In the past week, Iâ€™ve seen two stand-up comedy shows, which is notable, because going to see stand-up comedians is something I never do.
However, I do think stand-up comedy is a pretty interesting medium, and Iâ€™m always interested in how to craft jokes and stories for an audience. One of my more fascinating experiences was going to see my friend Heatherâ€™s friend Bill perform stand-up after taking a local stand-up comedy class; he and about nine other students got up on stage and did their best to amuse those of us in the audience. They all had different styles, and though a lot of the acts were fairly good-natured and PG, others were much more adult, discomfiting and even offensive. If an act flopped, I was still pretty amazed that the person had had the courage to get up on stage and tell a bunch of bad jokes. I mean, why would you do that? Of course, perhaps they were under the impression that they were being funny.
Anyway, last night I took in comedian Mike Birbigliaâ€™s acclaimed show â€śMy Girlfriendâ€™s Boyfriendâ€ť at The Egg. Birbiglia is very funny. Heâ€™s really better described as a humorous monologuist and his show had real moments of poignancy.
The story he tells is essentially a love story, about the somewhat rocky road that brought him around to the concepts of both love and marriage. In telling this story, Birbiglia goes off numerous tangents. Thereâ€™s a very funny bit about going on a date to an amusement park, and throwing up on The Scrambler, and other funny detours â€” to a school dance, where he had his first kiss, to the home of his high school girlfriendâ€™s parents, where he realized his girlfriend was seeing someone else, to missed planes at airports and the homes of his friends. In some ways, itâ€™s a circuitous journey, but Birbiglia never loses the thread, bookending his tale with an account of a life-changing car accident â€” one of those accidents that makes you realize whatâ€™s important in life, though in Birbigliaâ€™s case, his moment of revelation required some nudging from his long-time (and, one can assume, long-suffering) girlfriend Jenny.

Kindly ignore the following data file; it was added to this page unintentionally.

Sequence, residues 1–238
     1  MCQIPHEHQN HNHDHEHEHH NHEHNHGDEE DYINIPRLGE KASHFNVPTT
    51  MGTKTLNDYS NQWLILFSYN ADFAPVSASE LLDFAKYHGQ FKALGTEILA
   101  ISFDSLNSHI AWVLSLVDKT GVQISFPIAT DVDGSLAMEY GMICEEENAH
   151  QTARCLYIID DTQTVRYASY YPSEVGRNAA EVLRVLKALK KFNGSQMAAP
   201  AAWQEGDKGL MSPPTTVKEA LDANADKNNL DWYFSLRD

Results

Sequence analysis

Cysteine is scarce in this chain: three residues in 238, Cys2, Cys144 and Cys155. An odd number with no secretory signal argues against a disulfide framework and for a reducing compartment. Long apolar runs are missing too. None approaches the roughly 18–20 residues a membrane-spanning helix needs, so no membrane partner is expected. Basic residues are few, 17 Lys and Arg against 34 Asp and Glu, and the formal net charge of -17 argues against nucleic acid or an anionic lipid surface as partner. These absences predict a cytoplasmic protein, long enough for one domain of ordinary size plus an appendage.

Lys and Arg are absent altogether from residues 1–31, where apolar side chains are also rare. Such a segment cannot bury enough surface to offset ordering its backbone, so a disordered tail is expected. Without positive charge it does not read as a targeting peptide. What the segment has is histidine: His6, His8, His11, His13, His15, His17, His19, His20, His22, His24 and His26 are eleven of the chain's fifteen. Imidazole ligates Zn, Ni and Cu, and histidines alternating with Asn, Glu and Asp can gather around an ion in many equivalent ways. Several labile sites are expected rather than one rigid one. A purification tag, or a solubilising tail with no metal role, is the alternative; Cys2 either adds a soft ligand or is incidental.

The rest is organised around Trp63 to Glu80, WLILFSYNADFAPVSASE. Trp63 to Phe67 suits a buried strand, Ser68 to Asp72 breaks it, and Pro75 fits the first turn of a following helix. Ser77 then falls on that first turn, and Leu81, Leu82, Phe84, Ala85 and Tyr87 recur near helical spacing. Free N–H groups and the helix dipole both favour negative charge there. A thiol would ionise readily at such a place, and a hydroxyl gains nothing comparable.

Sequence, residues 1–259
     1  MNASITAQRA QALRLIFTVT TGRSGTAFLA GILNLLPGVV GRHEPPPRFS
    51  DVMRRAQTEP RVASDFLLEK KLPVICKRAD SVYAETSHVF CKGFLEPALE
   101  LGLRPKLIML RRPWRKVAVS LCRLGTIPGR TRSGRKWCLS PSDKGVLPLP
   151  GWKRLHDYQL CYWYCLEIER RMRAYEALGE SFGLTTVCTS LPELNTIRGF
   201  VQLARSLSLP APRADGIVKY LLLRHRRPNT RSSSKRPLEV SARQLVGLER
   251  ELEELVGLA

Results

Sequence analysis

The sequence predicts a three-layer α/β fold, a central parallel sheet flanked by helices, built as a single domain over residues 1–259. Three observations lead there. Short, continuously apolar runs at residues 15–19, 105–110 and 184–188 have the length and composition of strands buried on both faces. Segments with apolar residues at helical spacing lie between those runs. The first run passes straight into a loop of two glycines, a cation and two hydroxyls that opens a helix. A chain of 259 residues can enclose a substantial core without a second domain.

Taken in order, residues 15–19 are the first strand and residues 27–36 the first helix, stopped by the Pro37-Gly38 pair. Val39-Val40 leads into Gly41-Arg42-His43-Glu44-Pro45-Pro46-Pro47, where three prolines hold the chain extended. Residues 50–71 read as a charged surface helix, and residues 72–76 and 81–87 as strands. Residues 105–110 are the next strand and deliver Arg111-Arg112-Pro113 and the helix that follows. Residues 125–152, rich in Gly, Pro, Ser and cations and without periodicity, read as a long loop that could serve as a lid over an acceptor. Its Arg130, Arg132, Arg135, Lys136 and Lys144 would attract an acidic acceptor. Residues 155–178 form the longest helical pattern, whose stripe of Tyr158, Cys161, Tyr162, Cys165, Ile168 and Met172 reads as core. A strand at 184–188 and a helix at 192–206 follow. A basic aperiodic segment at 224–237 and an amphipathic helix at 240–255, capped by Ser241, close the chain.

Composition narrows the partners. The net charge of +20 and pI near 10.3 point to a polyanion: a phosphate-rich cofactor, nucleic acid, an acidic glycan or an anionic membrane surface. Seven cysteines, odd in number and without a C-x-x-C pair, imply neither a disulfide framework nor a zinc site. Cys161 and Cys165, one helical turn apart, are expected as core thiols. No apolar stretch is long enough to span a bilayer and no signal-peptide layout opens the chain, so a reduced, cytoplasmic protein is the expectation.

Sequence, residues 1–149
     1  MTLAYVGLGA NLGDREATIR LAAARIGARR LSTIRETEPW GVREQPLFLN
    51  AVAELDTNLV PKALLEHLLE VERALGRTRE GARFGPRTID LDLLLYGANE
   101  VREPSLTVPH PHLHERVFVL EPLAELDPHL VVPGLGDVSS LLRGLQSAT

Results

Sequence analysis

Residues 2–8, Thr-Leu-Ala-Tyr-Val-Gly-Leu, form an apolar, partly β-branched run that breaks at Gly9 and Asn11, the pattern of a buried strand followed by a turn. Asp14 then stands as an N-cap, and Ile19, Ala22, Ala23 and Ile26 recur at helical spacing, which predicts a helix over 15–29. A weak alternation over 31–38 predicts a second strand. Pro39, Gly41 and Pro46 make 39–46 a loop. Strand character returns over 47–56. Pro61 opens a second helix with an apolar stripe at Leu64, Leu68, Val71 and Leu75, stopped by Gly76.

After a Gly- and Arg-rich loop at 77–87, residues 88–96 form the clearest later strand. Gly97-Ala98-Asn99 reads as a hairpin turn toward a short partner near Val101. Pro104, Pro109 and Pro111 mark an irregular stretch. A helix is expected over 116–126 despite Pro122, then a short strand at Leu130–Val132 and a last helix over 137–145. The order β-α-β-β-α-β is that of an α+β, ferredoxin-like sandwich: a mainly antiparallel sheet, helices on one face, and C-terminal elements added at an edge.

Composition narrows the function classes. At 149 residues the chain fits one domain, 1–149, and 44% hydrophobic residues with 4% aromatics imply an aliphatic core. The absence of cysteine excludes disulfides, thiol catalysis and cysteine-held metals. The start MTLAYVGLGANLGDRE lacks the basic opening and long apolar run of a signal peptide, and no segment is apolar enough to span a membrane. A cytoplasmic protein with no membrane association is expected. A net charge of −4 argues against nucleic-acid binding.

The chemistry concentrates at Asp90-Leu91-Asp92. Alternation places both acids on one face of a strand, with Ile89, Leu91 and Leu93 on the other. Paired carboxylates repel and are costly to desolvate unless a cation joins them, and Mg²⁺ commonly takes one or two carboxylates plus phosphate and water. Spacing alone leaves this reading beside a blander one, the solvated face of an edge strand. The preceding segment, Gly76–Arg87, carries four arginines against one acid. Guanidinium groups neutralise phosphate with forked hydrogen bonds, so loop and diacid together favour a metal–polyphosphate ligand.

I donâ€™t know how important it is for a comic to be â€śrelatable.â€ť For instance, I think itâ€™s possible to enjoy the comedy of Richard Pryor even if youâ€™re not a recovering cocaine addict. But one of Birbigliaâ€™s strengths is his relatibility. He seems like a regular, if quirky, guy, right down to his attire â€” jeans, sneakers and an untucked, button-down shirt. (â€śThis is my A outfit,â€ť he explained. â€śItâ€™s not like I got mustard on my good shirt, and had to wear this.â€ť) His jokes highlight the absurdities of everyday life and relationships â€” absurdities that will be familiar to pretty much everyone, except for a charmed few.
I particularly enjoyed his tirade about marriage, where he outlines the seven or so reasons why heâ€™s opposed to marriage and will never get married. Of course, the entire monologue is building to marriage, and Birbigliaâ€™s decision to acquiesce to an institution heâ€™s not quite sure he believes in. Itâ€™s a funny story, but itâ€™s also quite moving.
The other comic I saw was Andy Pitz, in Auburn, N.Y. I knew nothing about him, but it was pretty much the only thing in town to do, and my friend Marnie had a few hours of freedom from her two young children. Pitz was pretty good. He had some similarities to Birbiglia, most notably an ability to highlight the absurdities of everyday life. For example, a bit on the ridiculousness of certain kitchen gadgets, such as the hanging banana holder, was pretty funny. The big theme was fatherhood, as Pitz and his wife just had a baby, and most of these jokes were pretty funny, too.
So itâ€™s been a fun week of stand-up comedy, and who knows? Maybe Iâ€™ll start paying more attention to whatâ€™s out there.
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